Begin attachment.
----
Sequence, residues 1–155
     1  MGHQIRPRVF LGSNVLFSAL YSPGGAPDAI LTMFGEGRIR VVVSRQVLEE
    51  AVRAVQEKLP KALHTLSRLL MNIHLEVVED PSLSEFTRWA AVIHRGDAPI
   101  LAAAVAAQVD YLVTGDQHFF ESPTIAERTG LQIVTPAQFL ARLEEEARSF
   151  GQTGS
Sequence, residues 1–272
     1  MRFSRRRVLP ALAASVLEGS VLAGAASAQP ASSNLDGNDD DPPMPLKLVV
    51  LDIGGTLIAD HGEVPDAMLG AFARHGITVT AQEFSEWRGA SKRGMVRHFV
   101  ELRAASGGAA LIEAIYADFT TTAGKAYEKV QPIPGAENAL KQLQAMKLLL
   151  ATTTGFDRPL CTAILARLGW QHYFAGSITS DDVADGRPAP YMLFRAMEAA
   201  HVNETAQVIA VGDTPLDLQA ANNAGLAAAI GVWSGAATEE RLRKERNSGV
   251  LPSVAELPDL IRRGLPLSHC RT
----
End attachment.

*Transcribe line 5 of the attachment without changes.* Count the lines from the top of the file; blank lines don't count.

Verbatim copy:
   151  GQTGS